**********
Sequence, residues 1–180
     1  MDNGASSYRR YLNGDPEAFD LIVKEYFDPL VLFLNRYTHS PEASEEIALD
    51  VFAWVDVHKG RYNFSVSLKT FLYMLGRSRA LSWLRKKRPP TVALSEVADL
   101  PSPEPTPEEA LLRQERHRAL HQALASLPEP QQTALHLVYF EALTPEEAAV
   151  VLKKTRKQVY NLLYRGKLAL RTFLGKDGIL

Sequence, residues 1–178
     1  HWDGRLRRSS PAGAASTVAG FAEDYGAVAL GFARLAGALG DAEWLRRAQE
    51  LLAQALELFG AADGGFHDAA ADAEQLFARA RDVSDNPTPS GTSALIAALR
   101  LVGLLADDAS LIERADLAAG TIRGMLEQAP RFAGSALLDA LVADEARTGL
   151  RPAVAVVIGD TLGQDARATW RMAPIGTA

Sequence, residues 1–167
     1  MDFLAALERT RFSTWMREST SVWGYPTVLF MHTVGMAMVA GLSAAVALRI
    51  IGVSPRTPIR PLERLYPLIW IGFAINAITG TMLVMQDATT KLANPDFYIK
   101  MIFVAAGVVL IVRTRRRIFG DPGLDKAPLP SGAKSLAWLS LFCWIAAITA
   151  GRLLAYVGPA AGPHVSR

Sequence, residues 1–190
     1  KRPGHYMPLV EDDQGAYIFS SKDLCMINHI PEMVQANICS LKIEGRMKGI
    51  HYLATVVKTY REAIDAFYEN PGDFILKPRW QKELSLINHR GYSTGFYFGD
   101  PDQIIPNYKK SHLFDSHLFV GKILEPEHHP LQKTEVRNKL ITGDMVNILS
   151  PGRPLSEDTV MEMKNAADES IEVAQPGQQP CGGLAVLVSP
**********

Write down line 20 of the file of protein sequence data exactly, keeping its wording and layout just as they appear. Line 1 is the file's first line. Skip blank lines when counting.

   151  PGRPLSEDTV MEMKNAADES IEVAQPGQQP CGGLAVLVSP